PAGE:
| Quote #4
Your honour's players, heating your amendment,
The Messenger's announcement to Sly that a group of traveling actors will perform a play for him (doctor's orders no less) is a playful way to nudge the play-goers to remind them that they too are an audience, and that theater is good for them. (Fun fact: Puritan protesters against Elizabethan theater claimed that play-going was bad for an audience's health. They worried actors could "infect" or "contaminate" audiences with bad morals, leading them to commit illegal sexual acts, which would also lead to the spread of sexually transmitted diseases like syphilis. Shakespeare is poking fun at the Puritans here.)
| Quote #5
Dost thou love pictures? we will fetch thee straight
When the Second Servant offers to fetch for Sly a picture of a scene from Metamorphosis, we're invited to compare Sly's on-stage metamorphosis, from beggar to lord, to other modes of art. Shakespeare aligns his play with a classic text and links himself with the likes of literary giants such as Ovid.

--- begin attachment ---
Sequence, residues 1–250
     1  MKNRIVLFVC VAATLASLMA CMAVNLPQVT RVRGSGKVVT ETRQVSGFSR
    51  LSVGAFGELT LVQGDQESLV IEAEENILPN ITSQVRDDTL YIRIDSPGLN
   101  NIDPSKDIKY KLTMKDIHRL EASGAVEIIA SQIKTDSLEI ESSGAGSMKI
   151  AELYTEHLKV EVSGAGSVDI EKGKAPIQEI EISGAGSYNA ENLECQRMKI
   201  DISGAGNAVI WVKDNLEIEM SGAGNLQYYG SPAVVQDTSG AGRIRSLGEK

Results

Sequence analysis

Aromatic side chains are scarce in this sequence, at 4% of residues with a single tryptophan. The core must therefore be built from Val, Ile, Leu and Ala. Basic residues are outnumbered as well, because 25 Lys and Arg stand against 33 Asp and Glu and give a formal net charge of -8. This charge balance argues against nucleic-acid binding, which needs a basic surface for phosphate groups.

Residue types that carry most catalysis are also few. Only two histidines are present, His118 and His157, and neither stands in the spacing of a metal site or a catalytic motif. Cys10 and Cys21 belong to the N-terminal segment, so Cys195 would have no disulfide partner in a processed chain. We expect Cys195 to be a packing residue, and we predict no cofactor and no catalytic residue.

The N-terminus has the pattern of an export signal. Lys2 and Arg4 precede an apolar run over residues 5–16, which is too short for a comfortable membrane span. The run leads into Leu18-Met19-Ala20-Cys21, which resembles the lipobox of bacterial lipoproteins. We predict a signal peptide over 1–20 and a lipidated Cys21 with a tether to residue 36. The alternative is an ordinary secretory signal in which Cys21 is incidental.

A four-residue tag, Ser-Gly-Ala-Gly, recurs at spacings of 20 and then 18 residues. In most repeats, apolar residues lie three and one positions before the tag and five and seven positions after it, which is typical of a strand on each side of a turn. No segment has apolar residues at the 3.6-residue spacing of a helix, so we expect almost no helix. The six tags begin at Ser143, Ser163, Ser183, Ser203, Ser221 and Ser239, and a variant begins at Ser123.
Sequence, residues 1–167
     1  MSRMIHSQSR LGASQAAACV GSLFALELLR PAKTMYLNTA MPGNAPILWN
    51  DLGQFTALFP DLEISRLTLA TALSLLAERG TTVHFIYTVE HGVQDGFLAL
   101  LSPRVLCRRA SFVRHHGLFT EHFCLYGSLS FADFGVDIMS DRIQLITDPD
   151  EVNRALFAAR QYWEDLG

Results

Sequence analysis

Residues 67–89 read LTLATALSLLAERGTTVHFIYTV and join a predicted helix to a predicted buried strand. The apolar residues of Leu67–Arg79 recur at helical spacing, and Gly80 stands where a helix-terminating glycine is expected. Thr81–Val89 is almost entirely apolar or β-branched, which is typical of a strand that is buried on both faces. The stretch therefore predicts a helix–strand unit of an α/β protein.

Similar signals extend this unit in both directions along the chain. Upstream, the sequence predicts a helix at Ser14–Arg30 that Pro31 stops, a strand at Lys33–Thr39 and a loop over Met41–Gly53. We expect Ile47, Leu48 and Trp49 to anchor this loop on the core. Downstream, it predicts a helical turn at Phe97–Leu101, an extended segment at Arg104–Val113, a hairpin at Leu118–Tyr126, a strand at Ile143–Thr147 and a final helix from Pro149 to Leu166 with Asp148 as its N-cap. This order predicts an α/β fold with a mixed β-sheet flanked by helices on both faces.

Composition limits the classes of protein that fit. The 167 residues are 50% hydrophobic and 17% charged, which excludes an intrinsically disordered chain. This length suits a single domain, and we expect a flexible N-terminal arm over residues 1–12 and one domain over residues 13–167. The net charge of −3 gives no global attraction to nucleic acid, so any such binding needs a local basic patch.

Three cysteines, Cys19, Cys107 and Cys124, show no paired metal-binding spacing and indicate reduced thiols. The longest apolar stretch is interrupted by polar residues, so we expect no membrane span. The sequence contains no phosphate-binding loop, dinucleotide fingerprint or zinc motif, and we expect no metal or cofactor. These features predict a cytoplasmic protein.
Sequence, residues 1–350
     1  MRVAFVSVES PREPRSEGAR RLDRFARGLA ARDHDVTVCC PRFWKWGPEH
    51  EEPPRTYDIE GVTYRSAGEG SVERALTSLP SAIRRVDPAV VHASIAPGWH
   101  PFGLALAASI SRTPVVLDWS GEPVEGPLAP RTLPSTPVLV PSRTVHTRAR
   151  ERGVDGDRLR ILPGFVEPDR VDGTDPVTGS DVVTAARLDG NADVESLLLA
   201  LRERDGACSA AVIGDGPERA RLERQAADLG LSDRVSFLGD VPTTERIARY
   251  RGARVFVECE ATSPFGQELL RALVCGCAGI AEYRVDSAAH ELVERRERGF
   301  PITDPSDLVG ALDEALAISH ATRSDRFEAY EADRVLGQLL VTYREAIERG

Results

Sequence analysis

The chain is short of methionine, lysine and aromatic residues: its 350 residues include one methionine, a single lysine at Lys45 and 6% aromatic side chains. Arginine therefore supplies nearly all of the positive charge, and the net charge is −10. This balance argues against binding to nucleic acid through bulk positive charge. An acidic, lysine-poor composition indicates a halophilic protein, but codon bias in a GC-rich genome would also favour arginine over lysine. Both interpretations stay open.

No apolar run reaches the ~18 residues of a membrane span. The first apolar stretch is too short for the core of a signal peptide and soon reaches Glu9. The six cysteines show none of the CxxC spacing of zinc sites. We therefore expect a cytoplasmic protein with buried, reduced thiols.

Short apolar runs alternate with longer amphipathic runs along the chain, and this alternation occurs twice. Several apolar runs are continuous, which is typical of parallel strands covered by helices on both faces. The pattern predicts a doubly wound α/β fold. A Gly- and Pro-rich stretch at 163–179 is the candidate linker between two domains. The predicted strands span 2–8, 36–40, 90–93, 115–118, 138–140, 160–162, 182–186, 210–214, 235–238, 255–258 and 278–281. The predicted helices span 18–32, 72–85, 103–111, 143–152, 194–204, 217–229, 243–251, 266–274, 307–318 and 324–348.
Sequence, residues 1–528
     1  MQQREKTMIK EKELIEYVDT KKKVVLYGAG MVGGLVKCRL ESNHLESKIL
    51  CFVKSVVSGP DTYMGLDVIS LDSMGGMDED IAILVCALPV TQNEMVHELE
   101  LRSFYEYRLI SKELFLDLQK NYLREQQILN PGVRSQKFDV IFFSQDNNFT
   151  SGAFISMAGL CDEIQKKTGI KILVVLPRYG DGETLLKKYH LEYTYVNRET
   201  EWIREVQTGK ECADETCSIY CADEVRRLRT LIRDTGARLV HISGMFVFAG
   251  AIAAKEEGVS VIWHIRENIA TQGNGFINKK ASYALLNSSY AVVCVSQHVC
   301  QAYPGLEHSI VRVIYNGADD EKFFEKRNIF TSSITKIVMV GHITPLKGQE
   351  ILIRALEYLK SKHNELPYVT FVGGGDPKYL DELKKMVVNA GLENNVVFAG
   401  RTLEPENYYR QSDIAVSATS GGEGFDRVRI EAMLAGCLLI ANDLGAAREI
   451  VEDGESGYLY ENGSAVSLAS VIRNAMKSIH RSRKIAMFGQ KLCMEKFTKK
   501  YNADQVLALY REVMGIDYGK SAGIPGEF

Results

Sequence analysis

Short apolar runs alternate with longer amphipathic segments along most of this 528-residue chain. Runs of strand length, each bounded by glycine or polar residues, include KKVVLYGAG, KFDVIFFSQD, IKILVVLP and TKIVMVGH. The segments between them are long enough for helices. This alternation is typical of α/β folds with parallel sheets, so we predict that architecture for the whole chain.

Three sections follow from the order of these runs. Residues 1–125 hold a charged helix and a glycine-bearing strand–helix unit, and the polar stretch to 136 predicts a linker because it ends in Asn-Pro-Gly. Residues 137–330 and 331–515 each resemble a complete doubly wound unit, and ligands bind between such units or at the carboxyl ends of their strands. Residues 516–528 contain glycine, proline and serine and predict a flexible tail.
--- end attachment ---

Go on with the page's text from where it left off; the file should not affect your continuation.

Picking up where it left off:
| Quote #6
"Hush, master! here's some good pastime toward." (1.1.3)
There's that word "pastime" again. Here, Kate is causing quite a "scene" and Tranio and Lucentio watch and comment on the spectacle of Kate arguing with her father and Bianca's suitors in public. The point? We are all spectators and spectacles at one point or another. Kate is literally causing a "scene" but later she and Petruchio will watch others misbehave in public. Everyday life has become a kind of theater.